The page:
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Born a minister’s daughter in Missouri in 1832, Henrietta Chamberlain went east to a boarding school and expected to follow the family pattern and marry a minister. Instead she married a boat captain and speculator with little education and a tendency to swear loudly. The man was Richard King.
When King died in 1883, Henrietta inherited about a half million acres of land and half a million dollars in debts, but under her stewardship the King Ranch became perhaps the most famous ranch in the world.
But first, the romance. Henrietta’s father moved to Brownsville in 1849. They lived on a houseboat docked in the space Captain Richard King thought reserved for his ship. Family lore says he cursed at the boat in his spot when he tried to dock. Henrietta scolded him for indecent language, and he fell instantly in love.
They saw each other infrequently. Richard was delivering supplies along the Rio Grande or exploring the South Texas brush country where he bought land. Once, he purchased almost all of the cattle and horses available in the Mexican town of Cruillas, leaving the townspeople no way of earning a living, so most of the town moved with him in one big procession remembered as La Entrada. The people became Los Kineños, the “King men”; their descendants still live on the ranch.
When in he was in Brownsville, Richard saw Henrietta as often as he could. Henrietta was engaged to another man, but she broke off the engagement, and Richard proposed to her. They married December 10, 1854, and went to his Santa Gertrudis Ranch for their honeymoon.
The ranch had few buildings, and Henrietta learned to live without even the small comforts of a border city. Los Kineños called her La Patrona because she took care of them and their children, although she was strict with them. She allowed no cursing or drinking. The Kings kept a house in Brownsville, and their first children were born there, but Henrietta had come to love the ranch. She always hurried back to it as soon as she could. In 1858, Richard built the first permanent home on the ranch.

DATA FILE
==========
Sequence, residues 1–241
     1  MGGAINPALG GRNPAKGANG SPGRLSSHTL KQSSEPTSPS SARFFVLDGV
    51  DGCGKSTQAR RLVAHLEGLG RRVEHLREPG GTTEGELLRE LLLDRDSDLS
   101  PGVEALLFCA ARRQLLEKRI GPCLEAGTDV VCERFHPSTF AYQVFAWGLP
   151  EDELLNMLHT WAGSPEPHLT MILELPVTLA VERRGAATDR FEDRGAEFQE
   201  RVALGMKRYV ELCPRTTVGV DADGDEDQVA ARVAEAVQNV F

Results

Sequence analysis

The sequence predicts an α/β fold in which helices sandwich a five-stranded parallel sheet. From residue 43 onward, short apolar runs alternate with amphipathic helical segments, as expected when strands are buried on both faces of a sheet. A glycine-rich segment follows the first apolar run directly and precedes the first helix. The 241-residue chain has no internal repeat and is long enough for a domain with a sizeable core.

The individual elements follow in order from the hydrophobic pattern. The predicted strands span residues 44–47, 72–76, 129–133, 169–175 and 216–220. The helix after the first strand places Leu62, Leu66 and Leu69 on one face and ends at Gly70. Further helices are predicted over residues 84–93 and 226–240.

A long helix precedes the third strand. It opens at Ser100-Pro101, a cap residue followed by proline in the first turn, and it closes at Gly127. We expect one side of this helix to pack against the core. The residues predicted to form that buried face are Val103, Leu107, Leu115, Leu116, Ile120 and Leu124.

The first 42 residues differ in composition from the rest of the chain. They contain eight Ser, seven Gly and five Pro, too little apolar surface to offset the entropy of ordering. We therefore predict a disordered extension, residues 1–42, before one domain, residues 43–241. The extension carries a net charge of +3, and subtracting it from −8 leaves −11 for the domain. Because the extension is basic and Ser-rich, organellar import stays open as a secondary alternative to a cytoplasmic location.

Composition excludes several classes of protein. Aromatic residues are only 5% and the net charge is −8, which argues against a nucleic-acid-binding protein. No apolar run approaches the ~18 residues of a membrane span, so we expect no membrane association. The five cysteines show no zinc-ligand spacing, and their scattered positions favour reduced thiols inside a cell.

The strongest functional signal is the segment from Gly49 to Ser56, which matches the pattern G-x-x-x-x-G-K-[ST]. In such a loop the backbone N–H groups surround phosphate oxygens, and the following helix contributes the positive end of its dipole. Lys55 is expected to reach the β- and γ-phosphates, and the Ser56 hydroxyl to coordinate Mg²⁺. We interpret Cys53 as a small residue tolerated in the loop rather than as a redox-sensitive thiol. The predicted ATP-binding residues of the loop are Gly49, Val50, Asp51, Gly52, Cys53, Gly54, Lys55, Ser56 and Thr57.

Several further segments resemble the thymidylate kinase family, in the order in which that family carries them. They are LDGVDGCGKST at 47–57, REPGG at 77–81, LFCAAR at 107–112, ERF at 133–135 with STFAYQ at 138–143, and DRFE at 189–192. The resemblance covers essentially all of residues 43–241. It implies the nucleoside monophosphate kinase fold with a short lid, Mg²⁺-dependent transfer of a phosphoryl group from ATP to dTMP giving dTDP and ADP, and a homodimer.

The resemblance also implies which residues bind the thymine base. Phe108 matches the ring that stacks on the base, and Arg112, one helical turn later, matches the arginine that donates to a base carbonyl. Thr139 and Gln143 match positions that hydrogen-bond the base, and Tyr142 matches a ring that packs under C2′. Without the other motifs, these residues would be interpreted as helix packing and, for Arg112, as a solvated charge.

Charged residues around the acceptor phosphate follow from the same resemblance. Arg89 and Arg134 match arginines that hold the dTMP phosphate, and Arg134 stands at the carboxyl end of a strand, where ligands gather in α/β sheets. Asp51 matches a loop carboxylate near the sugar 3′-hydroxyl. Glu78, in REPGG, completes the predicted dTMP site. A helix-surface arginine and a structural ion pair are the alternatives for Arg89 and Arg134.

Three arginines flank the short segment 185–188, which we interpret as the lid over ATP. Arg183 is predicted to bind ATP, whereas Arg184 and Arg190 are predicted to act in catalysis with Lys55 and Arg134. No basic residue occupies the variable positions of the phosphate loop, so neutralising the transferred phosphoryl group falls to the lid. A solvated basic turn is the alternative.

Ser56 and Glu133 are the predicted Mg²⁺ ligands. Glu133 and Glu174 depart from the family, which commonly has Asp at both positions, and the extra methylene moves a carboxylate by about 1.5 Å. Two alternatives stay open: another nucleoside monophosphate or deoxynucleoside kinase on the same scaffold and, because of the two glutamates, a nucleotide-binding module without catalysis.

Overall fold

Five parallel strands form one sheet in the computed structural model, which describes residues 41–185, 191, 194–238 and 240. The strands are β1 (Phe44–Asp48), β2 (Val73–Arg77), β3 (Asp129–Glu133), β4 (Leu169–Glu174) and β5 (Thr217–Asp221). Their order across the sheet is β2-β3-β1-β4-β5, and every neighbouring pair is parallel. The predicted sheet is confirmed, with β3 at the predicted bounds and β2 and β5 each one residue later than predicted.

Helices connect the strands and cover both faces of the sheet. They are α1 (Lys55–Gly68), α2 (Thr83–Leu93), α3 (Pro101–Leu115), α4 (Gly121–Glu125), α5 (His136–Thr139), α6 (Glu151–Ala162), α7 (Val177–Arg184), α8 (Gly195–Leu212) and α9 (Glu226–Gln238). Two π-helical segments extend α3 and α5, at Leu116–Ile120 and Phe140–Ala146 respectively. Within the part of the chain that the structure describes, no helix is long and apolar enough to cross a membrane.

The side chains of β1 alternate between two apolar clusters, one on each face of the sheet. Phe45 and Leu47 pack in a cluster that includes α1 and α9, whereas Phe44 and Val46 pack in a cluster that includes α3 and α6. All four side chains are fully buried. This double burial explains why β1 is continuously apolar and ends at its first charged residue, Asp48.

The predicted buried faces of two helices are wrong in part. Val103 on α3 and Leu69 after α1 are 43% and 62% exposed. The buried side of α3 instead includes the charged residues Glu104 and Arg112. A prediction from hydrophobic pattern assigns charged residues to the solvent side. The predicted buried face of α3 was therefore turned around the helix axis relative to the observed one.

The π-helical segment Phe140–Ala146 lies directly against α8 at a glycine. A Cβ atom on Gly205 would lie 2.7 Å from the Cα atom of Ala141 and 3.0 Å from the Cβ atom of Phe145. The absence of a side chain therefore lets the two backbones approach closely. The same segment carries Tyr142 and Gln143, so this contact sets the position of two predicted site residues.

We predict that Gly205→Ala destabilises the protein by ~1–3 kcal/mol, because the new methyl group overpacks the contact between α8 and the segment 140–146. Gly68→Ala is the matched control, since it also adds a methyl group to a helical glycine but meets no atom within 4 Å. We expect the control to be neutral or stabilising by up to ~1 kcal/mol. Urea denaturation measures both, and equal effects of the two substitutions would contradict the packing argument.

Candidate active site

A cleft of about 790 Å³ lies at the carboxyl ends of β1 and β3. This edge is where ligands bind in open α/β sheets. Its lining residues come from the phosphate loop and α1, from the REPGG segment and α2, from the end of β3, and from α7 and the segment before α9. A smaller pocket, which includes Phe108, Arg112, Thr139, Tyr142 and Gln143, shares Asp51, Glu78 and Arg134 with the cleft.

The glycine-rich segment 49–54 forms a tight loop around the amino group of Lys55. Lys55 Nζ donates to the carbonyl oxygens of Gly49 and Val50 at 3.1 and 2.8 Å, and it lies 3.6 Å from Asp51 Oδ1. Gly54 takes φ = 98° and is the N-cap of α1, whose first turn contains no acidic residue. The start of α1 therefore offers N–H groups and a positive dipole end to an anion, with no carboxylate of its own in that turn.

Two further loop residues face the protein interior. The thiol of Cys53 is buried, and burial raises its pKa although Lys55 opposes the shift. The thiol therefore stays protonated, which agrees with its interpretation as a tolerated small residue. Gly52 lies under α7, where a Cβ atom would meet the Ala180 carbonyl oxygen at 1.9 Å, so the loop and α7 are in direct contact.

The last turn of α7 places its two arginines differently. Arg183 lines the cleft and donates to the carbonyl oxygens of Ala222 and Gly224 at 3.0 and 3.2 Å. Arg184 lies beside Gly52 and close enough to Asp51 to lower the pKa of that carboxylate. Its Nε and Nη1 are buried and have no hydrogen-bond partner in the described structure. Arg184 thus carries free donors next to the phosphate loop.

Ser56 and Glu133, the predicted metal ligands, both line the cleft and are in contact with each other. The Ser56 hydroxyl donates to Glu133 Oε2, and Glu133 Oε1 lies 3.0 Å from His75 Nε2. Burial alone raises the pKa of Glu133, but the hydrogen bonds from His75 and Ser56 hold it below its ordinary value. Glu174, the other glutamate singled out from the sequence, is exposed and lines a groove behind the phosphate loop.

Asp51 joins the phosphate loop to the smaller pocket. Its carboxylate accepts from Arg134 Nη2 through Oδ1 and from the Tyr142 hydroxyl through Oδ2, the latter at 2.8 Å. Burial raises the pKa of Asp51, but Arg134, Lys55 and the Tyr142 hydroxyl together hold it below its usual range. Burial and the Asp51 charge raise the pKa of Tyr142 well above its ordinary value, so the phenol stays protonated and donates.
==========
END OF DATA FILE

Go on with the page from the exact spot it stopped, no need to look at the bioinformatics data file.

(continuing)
Richard King was a loyal Southerner. During the Civil War, when Union ships blockaded Brownsville, he carried cotton across the ranch in wagons to British ships waiting in Mexican ports. He also rounded up cattle to ship to England. When Union soldiers attacked the ranch, he was away gathering cattle. After the attack, Henrietta took the children to San Patricio and then San Antonio, uncertain of the whereabouts of her husband, who had joined the Confederate Army. When they were reunited, Richard gave Henrietta a pair of diamond earrings that she wore for the rest of her life.
The ranch prospered in the years of cattle drives, but when the Kings lost their son, Robert E. Lee King, to pneumonia in 1883, Richard wanted to sell the land. Henrietta reminded him of Gen. Robert E. Lee’s words to him, “Never sell.”
In 1885, when Richard died of stomach cancer, Henrietta asked Robert Kleberg, a lawyer married to her daughter Alice, to run the ranch. They began to pay off debts and buy more land. Her grandsons developed Santa Gertrudis cattle, a cross of Brahman and shorthorn breeds that thrived in South Texas, dipped cattle into vats to prevent ticks, and proved that artesian wells could bring water to South Texas.
In 1912, the main house at the Santa Gertrudis Ranch burned. Henrietta built a new, larger, fireproof house, the “Big House.” During the 1916 uprisings in Mexico, bandidos stole livestock and killed King Ranch cowboys. The ranch was raided 26 times, but she refused to leave.
Henrietta King died in 1925. More than 200 Kineños attended her funeral on horseback, each man cantering around the open grave once, hat at his side as a salute. Henrietta King left her family—and Texas—a remarkable legacy that lives on in her philanthropy and is celebrated at the Henrietta Memorial Center (named for her granddaughter) in Kingsville. Today the ranch encompasses 825,000 acres.
For information on tours of the King Ranch, go to http://www.king-ranch.com.
Judy Alter is director of TCU Press.